A $46.2 million project would place a new office building on the site of an old Latham concert hall, consolidate 800 highly paid employees now spread across two counties, and boost the town’s tax revenue for the parcel from $30,000 to $1 million a year.

To make it happen, the developer is seeking $5.6 million in local tax incentives and $6.3 million from the town and state to build a road through the old Starlite Music Theater site.

Numbers like these are at the root of the long-running debate about development incentives in New York. (Are subsidies needed because taxes are so high? Or are taxes high because so many subsidies given out? Or both?) In this case, though, the intended beneficiary isn’t some high-tech startup or a local firm with a few dozen employees. The occupant of the new building would be The Ayco Co., a successful financial services firm whose parent, Goldman Sachs, is a Fortune 500 company that turned a 2016 profit of $7.4 billion.

“The economic derivative is much, much higher than the sum being laid out,” said Joe LaCivita, town planning director and executive director of the town Industrial Development Agency, which would approve the incentives.

“There should be a way to make this happen without giving away the store,” said E.J. McMahon, research director of the Empire Center for Public Policy, an Albany think tank that advocates for smart-government and free-market policies.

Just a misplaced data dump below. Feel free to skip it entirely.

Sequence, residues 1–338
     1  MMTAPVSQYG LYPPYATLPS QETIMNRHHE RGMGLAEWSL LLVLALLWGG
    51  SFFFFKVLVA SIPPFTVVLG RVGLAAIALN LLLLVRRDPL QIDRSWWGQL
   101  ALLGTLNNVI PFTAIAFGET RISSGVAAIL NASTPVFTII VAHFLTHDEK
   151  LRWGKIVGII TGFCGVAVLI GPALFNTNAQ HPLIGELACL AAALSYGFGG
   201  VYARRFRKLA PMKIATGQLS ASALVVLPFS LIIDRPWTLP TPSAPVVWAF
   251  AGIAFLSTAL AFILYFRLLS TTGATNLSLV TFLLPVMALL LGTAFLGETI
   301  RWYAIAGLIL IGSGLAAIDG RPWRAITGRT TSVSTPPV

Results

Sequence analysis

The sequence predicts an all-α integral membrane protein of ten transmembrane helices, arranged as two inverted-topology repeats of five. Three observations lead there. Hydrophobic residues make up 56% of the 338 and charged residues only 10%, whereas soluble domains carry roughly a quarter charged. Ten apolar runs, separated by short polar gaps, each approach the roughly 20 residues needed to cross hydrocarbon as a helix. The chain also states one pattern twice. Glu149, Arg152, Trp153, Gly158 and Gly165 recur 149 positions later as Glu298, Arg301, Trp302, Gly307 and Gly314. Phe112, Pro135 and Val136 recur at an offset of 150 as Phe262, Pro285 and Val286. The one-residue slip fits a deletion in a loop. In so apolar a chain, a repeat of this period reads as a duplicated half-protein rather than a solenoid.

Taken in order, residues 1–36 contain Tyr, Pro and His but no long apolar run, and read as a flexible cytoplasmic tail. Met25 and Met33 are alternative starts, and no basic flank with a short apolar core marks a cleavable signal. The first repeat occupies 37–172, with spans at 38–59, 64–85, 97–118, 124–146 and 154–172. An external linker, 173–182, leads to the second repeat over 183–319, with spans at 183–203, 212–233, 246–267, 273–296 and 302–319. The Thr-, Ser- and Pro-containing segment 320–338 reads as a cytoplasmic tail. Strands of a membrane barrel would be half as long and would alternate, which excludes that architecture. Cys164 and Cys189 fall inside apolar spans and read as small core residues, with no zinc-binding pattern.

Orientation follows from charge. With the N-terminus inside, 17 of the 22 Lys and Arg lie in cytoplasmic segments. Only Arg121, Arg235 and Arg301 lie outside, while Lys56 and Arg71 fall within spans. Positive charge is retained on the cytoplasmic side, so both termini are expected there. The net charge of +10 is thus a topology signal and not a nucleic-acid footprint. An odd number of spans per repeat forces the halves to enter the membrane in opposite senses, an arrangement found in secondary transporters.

Ayco and the owner/developer of the site, Rotterdam-based Galesi Group, would not comment for this story.

Local officials were happy to speak about the proposal, though.

Town Supervisor Paula Mahan said it would provide two major benefits for Colonie: Retention of 626 Ayco employees working at two sites in Colonie and construction of the connector road between routes 9 and 9R.

The road has long been on the town’s wish list, due to traffic congestion in the area where routes 7, 9, and 9R intersect with each other and the Northway.

“It’s something that’s very, very expensive and we can’t afford,” she said.

Mahan said the town IDA board has to weigh the benefits of any project seeking assistance against the costs of that assistance. Ayco’s workforce and the new road are both major benefits for the Starlite project, she said, but whether they’re worth $5.6 million in local tax assistance is a question she’ll defer to the IDA board.

LaCivita said the IDA has not made a decision on the incentives, but has expressed its support for the project.

Asked about potential criticism that the assistance amounts to corporate welfare, he said the IDA is doing its job — promoting development in town using the tools it has been given to do so.

“Our IDA is an extremely conservative board,” LaCivita said. The board’s position is that Colonie is a great place to live and work, he said, and therefore companies should not need incentives to locate there. As such, the IDA does not offer many large incentives.

However, LaCivita added, when multiple developers are chasing a big prize — he’s heard there were more than 20 other proposals submitted for the new Ayco headquarters — the IDA does what it must to retain and attract employers, which is its mission.